Foreign-born youth have a lower body mass index (BMI) than Canadian-born youth and, contrary to current thinking, these differences did not disappear in the years after immigration, according to a study of Canadian youth in CMAJ Open. BMI also varied by ethnicity, with East and Southeast Asian youth having a lower BMI than Canadian "host culture" youth.
"The most important finding of this study was that the BMI of foreign-born youth was lower than that of their Canadian-born peers, and that this association was not linear with time since immigration," writes Atif Kukaswadia, Department of Public Health Sciences, Queen's University, Kingston, Ontario, with coauthors. "This goes against the theory of acculturation."
The study looked at data on 19 272 youth in grades 6 to 10 from the 2010 Canadian Health Behaviour in School-Aged Children (HBSC) study. Students from 436 schools in 8 provinces and 3 territories in Canada (New Brunswick and Prince Edward Island did not participate) provided information for the larger study. Survey questions asked about country of birth, length of time in Canada, ethnicity and lifestyle habits such as time spent watching TV or using electronics, snacking and fast-food consumption.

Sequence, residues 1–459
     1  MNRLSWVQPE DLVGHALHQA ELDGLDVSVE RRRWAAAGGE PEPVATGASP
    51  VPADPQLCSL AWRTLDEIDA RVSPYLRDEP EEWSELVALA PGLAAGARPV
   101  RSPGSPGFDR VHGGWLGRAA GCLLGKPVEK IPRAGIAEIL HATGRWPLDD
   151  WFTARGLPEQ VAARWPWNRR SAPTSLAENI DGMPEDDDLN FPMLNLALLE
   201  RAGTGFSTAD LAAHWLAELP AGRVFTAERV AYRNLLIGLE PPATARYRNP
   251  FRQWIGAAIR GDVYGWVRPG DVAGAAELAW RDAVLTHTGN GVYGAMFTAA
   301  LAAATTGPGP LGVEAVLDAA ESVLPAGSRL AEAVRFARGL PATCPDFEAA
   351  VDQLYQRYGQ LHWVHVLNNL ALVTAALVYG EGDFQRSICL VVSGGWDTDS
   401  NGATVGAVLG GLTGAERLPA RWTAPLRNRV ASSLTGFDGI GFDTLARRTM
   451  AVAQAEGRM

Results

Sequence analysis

The researchers categorized youth into the following ethnic groups: Canadian host culture (European, North American and Aboriginal), the majority at 78.2%; Arab and West Asian (1.6%); African (3.8%); East Indian and South Asian (2.9%), East and Southeast Asian (5.7%); Latin American (1.0%) and Other (6.9%) (mixed ethnicity.)
Foreign-born youth had a BMI 4 percentile points below Canadian-born youth, and youth of East Indian/South Asian and East/Southeast Asian backgrounds had BMIs 4-5 percentile points lower.
"We were surprised to find that BMI did not change linearly with increased time since immigration," write the authors. "As in previous research of adults in Canada and the United States, we anticipated that differences in BMI would disappear over time. However, this was not the case, and we observed the opposite relation in our sample."
The authors suggest methodological inconsistencies, such as self-reporting of weights and height, and selection bias of youth could be behind this unexpected finding.
"For those in public health, our findings stress the importance of considering both ethnicity and country of birth when designing and implementing weight-loss interventions. Given the high proportion of Canadians who are immigrants, uncovering reasons for weight gain will lead to a better understanding of the determinants of childhood BMI," the authors conclude.